‘Burn Them!’: Mob Tries to Lynch President Assassination Suspects in Haiti

PORT-AU-PRINCE, HAITI - JULY 08: Citizens take part in a protest near the police station of Petion Ville after Haitian president Jovenel Moïse was murdered on July 08, 2021 in Port-au-Prince, Haiti. Moise was killed and his wife injured during an attack to their home in the nation's capital on …
Richard Pierrin/Getty Images

An angry mob helped police in Haiti arrest at least 17 men on Thursday suspected of being part of a “commando” responsible for killing President Jovenel Moïse the day before, later surrounding the police station and demanding to burn the suspects alive.

Authorities announced late Thursday that they believed the full squad of assassins responsible for Moïse’s killing consisted of 26 Colombian nationals and two Haitian-Americans. Four of them died in a police shootout early Thursday and another three joined them later on. Authorities are believed to have another 17 suspects in custody.

Colombian officials confirmed those arrested were both citizens of the country and that some had experience in the Colombian military. Bogotá has agreed to cooperate with Haitian police to find those suspected of plotting, not just executing, the assassination, whom police believe remain at large.

Videos from Petionville, the Port-au-Prince suburb where police found what they believe to be the commando’s headquarters, show what appears to be a mob of hundreds of people surrounding the police station and attempting to storm it. Some in the video shout “burn them!” According to France24, some outraged citizens burned vehicles they believed to belong to the suspects as a substitute for the people themselves.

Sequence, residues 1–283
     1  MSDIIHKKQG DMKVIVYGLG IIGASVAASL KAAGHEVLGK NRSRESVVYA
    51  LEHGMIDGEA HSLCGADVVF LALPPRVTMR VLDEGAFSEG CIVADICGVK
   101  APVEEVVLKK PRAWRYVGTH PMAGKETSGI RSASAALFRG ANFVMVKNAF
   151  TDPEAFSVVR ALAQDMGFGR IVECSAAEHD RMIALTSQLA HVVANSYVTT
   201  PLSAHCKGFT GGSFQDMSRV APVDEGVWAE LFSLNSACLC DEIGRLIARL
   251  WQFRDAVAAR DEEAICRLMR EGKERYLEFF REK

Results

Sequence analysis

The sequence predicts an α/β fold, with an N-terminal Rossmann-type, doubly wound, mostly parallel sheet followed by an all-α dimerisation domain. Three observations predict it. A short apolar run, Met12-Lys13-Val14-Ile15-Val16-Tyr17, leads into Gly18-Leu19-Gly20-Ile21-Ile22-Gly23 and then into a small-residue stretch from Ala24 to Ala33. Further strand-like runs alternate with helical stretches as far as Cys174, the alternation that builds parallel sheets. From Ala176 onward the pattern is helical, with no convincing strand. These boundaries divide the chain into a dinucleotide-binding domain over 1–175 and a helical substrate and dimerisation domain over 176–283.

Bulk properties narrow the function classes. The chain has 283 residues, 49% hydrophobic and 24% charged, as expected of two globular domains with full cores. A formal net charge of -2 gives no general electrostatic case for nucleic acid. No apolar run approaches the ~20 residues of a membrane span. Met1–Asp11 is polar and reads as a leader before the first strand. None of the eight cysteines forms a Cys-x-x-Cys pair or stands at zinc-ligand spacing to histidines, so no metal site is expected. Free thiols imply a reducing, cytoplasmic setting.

Other videos from the scene also clearly show civilians helping police by capturing suspects, tying them up, and handing them over to police custody. Other reports indicate that civilians also found the corpses of some suspects and handed them over.

Haitian authorities attempted to calm the situation to protect those inside the police station. Haitian Minister of Elections and Interparty Relations Mathias Pierre shared videos with reporters Thursday of the mob outside the police station and urged the public to remain calm and not attack the police.

“Special units are trying to protect the police station because the populace is very upset and trying to get to them [the suspects],  to burn them. We are trying to avoid this,” Pierre said.

A group of heavily armed men, whom police say were speaking English and Spanish, broke into President Moïse’s home in the early morning hours of Wednesday and shot both him and First Lady Martine Moïse. The first lady survived and was flown to Florida this week to be treated for gunshot wounds. The president reportedly took at least 12 bullets; witnesses claimed he was found with one of his eyes blown out. The gunmen reportedly left the president’s child, also at home at the time, unharmed.